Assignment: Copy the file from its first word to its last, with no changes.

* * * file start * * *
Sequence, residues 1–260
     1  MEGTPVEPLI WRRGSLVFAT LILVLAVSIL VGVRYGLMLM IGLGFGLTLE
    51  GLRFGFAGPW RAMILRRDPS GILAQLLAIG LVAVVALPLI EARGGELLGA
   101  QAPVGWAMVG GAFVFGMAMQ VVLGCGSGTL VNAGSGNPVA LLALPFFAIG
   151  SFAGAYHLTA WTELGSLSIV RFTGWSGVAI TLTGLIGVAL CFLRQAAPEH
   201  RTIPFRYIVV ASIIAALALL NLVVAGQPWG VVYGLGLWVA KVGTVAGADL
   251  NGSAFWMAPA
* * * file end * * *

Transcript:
Sequence, residues 1–260
     1  MEGTPVEPLI WRRGSLVFAT LILVLAVSIL VGVRYGLMLM IGLGFGLTLE
    51  GLRFGFAGPW RAMILRRDPS GILAQLLAIG LVAVVALPLI EARGGELLGA
   101  QAPVGWAMVG GAFVFGMAMQ VVLGCGSGTL VNAGSGNPVA LLALPFFAIG
   151  SFAGAYHLTA WTELGSLSIV RFTGWSGVAI TLTGLIGVAL CFLRQAAPEH
   201  RTIPFRYIVV ASIIAALALL NLVVAGQPWG VVYGLGLWVA KVGTVAGADL
   251  NGSAFWMAPA